People always come up to me after a show … and say “You are so brave,” instead of “You were amazing” or “You were entertaining” or “You were a great dancer” or “You were so funny.” They want to say that I’m “brave” for being the body type that I am onstage.
They mean it well. But what they’re actually saying is, “You really shouldn’t be taking off your clothes in front of people.” Because I’m a bigger lady.
A lot of people get this comment, but it’s never the skinny girls who are told: “Oh my god, you are so brave for doing burlesque!” It’s always bigger girls or older girls.
A lot of people come in with the idea of it being a really raunchy show. Like, “Oh my god, they’re going to stick something up their…,” you know. They have weird ideas. I always hear after shows, when people come for the first time, that they’re surprised by how funny it is. … It’s short bits with cheap humor, it’s grotesque, it’s physical and you don’t need to be smart to enjoy it.
I hate those BBC segments that are like, “Iceland’s the best place to be a woman!” Because it’s used to silence us. Sure, we are better than a lot of countries, but we have a long way to go.
Right now I’m dealing with parental leave. Because I’m an entertainer and my income is very fluctuating, I have very limited right to a parental leave. … It’s not available for women who want to be pioneers or work freelance and control their own time. The system here is very much for one kind of workplace.
Inspiration comes from everywhere. Music talks to me a lot, as do issues that are happening all around.
I have a period act where I’m doing a fan dance and then realize that I have a period stain on my underpants. And then I have these tampons with glitter on them and use them as tampon titty tassels. That act was because I was fed up with how expensive the tax is on period products!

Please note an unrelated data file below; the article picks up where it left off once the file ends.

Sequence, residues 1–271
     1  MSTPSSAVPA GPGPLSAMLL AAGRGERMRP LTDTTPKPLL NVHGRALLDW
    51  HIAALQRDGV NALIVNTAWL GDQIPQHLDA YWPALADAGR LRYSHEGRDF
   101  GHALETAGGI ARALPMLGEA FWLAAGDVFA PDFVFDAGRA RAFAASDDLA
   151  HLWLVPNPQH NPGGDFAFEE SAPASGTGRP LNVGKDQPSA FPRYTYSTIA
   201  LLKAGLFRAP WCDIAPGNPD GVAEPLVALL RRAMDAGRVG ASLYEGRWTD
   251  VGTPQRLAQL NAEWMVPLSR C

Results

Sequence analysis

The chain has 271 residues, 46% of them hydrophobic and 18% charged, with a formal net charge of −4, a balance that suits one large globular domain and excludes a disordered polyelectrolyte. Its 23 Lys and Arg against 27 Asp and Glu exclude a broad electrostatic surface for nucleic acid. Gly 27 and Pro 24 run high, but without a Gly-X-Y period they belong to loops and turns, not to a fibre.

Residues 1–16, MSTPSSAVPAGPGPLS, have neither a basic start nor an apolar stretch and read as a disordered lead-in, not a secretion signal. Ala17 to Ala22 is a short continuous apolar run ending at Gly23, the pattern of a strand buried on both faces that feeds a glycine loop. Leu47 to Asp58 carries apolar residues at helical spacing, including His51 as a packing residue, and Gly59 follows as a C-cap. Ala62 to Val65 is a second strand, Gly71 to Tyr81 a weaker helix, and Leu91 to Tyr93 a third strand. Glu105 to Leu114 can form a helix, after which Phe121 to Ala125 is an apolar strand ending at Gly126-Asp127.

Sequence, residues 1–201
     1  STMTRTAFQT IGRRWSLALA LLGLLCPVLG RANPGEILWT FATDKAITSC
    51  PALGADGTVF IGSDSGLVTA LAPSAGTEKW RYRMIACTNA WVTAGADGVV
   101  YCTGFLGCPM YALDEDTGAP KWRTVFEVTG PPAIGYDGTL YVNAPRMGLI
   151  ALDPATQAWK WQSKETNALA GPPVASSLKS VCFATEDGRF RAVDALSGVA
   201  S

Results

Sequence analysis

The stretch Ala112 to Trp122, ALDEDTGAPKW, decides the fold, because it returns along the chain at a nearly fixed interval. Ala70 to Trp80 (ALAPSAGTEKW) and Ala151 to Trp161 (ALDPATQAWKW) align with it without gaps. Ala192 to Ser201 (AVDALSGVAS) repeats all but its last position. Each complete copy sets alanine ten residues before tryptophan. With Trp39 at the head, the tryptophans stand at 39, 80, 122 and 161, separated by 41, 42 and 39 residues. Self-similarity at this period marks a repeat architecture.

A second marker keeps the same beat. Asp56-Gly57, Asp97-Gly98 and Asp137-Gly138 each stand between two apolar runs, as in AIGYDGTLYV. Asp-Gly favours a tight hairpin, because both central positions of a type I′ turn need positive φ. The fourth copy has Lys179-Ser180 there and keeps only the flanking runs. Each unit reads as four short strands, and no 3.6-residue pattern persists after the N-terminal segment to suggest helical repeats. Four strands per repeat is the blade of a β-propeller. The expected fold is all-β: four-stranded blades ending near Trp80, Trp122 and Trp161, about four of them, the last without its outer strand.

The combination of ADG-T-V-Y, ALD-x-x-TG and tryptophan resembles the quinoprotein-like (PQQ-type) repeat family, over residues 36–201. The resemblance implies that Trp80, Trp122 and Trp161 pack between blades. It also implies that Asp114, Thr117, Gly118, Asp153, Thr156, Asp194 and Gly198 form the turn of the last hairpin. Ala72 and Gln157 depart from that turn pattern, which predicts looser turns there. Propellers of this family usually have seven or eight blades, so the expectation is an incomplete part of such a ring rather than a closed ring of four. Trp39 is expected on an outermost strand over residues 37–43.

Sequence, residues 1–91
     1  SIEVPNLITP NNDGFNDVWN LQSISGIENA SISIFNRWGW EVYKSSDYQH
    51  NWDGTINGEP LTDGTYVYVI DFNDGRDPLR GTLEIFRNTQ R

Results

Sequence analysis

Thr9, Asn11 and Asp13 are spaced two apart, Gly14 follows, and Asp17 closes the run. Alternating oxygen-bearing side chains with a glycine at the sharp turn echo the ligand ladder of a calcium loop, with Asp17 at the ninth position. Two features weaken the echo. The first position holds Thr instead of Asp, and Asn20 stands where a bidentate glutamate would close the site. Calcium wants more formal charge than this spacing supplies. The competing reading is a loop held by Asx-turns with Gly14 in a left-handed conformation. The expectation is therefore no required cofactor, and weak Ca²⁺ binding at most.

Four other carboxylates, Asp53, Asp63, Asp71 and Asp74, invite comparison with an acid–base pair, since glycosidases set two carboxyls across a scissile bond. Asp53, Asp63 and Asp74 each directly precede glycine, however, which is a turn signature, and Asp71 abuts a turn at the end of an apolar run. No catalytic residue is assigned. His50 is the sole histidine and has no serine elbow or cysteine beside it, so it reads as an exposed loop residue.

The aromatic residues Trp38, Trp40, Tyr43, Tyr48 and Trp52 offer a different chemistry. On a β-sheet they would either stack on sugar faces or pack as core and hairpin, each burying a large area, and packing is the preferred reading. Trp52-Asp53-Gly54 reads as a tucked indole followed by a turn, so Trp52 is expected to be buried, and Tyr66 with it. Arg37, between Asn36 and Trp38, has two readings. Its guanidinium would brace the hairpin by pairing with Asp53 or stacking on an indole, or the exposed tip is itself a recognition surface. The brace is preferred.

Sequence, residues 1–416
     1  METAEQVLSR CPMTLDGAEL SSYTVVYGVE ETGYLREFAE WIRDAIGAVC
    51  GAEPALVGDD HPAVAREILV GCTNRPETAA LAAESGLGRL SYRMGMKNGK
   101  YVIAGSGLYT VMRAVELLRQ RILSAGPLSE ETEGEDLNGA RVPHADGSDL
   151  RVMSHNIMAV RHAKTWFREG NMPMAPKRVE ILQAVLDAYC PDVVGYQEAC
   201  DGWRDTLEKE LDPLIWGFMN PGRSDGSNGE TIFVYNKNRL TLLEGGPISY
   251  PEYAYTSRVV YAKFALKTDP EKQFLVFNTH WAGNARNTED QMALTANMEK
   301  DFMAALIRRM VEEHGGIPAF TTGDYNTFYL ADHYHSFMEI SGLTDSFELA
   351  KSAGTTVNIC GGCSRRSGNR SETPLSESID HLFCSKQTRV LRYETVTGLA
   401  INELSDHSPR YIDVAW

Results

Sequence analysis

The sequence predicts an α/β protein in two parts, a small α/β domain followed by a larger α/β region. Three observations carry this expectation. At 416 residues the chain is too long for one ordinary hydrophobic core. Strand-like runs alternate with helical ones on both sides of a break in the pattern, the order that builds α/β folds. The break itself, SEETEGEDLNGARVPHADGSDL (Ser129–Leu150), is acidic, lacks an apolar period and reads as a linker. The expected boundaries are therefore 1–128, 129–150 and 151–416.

I have another act that’s done to an Icelandic version of “Think” by Aretha Franklin... I dedicated it to all women that have ever been told to relax. I’ve been told often, when I’m trying to fight for something, “Come on, relax. Stop being hysterical.”
I traveled around Iceland in the summer with Búkalú [burlesque group], which included Icelandic and international performers. ... Pretty much everyone in Reykjavik has seen a burlesque show, and my favorite thing about touring is doing [burlesque] for people who have never seen it before. Taking a proper New York-style burlesque show to [small villages like] Vik i Myrdal or Hólmavík.
I was taking people who have performed in New York their whole lives to Hólmavík. They were like, “How many people live in Hólmavík?” And I was like, “600 people.” We had 100 people in the audience. We did a show in Flateyri, which is a town of 300 people. And 120 people came and saw it. We did a show in Berufirði, which is not even a town, it’s just a farmhouse, and it was packed.
I was warned that because it’s not Reykjavik, we might get dirty men coming in, but we never got that. I’m a known feminist. I’ve been an essayist and a writer for a very long time. I’ve written a lot about feminism and about all sorts of female issues. So I think that if people thought it was a degrading stripping show, and then saw my name to it, they thought, “Oh, no, it’s a hairy feminist show.”
Maack's currently on maternity leave, but you can check out her website, read more press and find out when she’ll next be shattering Reykjavik’s culture scene. She's aiming to return to the stage in December.